Should Obama Worry About W.Va.?

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Joe Raedle / Getty; Mark Wilson / Getty

Sen. Hillary Clinton addresses supporters during her primary night event in Charleston, West Virginia, on May 13; Sen. Barack Obama at a campaign rally in Charleston on May 12

Hillary Clinton's lopsided defeat of Barack Obama in West Virginia Tuesday night was not a surprise; the polls had been even more lopsided. And it didn’t change the dynamics of the Democratic race; Obama's lead still looks insurmountable. But losing does have a way of making politicians look like losers, and the next primary in Kentucky looks like more of the same terrain that's been tough for Obama, heavy in older, working-class whites without college degrees. So the question of the moment has become: Do Obama's continuing struggles with those particular voters suggest potential problems for him in November?

The answer is quite likely no, because Obama won't be running against another Democrat in the general election. He'll be running against a Republican, and these days American Idol front-runner David Archuleta would have trouble getting votes as a Republican. But to the extent the answer is yes, it might have something to do with, you know, the factor we're not supposed to mention, the factor the Clintons keep getting in trouble for hinting at. It's just that Obama, well, this is awkward, but he's, um, black, and most voters aren't. According to exit polls, one in four Clinton voters in West Virginia said race was an important factor in their vote, which is amazing in an era where people who think like that aren't supposed to admit it. Shouldn't they at least have pretended their issue with Obama was that he is an elitist?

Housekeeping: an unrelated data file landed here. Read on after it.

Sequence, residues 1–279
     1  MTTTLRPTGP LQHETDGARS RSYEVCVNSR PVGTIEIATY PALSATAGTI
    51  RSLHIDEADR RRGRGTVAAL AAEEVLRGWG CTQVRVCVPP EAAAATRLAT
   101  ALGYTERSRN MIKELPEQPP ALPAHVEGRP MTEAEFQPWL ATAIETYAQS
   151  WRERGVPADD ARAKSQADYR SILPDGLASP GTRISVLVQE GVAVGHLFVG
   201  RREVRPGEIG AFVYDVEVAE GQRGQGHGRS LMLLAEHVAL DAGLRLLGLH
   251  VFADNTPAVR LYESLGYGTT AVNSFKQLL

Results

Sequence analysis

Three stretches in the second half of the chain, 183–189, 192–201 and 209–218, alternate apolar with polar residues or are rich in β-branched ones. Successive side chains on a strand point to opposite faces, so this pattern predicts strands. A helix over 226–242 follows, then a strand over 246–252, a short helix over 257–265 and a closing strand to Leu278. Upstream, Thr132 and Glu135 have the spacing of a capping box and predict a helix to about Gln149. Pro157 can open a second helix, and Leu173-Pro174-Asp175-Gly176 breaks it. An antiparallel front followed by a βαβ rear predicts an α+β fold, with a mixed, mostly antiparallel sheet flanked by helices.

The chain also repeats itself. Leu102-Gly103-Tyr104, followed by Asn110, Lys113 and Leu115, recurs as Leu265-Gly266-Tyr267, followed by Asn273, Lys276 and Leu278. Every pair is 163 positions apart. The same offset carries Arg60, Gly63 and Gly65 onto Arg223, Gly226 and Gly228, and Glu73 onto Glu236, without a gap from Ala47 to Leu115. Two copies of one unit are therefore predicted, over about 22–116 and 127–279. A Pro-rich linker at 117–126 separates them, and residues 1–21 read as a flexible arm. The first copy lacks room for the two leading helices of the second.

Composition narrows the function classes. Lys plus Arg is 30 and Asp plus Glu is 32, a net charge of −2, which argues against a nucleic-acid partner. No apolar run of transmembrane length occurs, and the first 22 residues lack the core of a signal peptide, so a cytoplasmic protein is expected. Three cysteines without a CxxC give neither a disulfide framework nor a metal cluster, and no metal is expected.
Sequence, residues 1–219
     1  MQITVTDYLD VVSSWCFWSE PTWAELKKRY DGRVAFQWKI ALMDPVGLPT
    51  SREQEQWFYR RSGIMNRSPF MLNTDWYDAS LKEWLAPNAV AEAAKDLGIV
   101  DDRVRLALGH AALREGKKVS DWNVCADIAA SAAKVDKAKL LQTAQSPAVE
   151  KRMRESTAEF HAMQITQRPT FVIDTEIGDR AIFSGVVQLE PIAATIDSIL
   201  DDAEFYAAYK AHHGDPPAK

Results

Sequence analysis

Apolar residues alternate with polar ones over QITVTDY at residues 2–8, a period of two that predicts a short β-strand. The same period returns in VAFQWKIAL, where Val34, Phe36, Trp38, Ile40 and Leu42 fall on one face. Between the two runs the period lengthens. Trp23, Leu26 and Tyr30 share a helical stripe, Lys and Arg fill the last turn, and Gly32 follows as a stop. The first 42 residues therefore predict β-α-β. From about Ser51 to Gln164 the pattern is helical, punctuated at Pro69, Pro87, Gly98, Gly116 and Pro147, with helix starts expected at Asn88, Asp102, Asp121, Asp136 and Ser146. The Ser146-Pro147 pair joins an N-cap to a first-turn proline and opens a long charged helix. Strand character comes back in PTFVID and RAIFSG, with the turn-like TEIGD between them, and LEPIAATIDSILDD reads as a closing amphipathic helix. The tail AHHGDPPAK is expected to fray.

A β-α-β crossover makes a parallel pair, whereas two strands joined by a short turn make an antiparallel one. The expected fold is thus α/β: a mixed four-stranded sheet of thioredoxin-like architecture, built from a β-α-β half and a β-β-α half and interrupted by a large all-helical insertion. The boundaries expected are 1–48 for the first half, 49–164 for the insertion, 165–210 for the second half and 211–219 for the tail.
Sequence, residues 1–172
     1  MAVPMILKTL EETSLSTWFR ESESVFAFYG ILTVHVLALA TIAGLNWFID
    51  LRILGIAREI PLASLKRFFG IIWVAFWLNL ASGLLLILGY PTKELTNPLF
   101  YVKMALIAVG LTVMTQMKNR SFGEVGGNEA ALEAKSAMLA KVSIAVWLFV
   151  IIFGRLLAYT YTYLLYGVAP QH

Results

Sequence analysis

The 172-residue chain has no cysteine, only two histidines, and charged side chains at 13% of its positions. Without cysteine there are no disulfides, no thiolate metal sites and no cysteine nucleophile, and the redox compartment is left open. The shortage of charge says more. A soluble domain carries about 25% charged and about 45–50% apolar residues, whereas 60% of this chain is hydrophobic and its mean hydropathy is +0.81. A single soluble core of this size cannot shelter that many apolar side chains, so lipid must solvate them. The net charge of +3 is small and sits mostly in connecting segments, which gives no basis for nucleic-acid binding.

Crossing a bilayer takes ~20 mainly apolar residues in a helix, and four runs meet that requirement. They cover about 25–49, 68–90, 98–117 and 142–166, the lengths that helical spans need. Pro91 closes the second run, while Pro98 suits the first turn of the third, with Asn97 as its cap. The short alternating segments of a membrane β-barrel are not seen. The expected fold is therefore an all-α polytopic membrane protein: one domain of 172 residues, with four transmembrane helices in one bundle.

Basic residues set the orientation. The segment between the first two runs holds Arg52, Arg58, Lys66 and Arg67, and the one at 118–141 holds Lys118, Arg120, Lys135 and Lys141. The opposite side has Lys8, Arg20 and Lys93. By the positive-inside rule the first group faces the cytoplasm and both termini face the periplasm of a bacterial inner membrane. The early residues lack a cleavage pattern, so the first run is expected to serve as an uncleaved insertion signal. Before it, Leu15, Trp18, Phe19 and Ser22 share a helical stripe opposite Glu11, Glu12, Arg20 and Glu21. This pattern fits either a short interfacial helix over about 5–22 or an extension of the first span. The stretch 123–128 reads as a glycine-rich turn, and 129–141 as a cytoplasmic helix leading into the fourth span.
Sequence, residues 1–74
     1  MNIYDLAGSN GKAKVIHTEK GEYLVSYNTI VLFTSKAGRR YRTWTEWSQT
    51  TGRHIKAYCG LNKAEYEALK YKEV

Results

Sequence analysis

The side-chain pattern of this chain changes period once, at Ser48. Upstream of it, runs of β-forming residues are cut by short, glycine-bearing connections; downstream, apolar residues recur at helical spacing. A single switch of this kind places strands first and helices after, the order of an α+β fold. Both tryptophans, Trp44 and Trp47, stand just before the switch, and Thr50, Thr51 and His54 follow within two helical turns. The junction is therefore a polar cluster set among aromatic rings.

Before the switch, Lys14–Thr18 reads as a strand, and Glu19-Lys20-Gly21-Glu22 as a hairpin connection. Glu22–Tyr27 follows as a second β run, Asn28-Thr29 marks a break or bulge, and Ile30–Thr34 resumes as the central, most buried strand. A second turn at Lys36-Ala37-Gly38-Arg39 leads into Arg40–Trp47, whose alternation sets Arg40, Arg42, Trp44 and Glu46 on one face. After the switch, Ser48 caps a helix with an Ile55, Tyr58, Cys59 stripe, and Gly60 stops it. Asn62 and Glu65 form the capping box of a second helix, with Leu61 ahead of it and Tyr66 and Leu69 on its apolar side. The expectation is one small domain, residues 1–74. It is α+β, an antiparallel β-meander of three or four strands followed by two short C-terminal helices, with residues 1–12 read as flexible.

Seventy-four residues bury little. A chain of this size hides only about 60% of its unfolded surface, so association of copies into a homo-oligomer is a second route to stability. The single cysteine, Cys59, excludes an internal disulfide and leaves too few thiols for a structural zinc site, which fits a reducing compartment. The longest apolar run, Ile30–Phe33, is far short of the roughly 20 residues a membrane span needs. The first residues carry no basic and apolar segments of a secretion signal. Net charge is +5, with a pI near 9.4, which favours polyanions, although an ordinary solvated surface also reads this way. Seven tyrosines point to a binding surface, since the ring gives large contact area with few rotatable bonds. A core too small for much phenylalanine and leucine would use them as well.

The good news for Obama is that he's still comfortably ahead in pledged delegates, that superdelegates keep breaking his way, and that despite the Clinton campaign's pronouncements, West Virginia won't change that. He barely mounted a campaign in the state, in part because he wanted to start campaigning against John McCain, in part because he knew he was going to lose; he even said so in Charleston on Monday. While Obama has consistently outpolled Clinton among blacks, young voters and college graduates, Clinton has been more popular among less educated blue-collar whites of a certain age. That sounds a lot like the so-called Reagan Democrats whose defections have hurt the party so badly in previous elections.

But the other good news for Obama is that his Democratic-primary problems in battleground states need not translate into general-election problems. West Virginia Democrats are still fond of President Clinton, and three-quarters of his wife's supporters said his campaigning was important to them. But Democrats are still likely to support a Democratic nominee in a Democratic year, and national polls suggest trouble for the G.O.P. in almost every state; President Bush’s approval ratings are abysmal, voters trust generic Democrats more than Republicans on every major issue, and Obama and Clinton are both leading McCain even though they’re busy fighting each other. Democrats recently seized congressional seats in conservative districts in Illinois and Louisiana; last night, they grabbed a Mississippi seat in a district that Bush carried 62-37.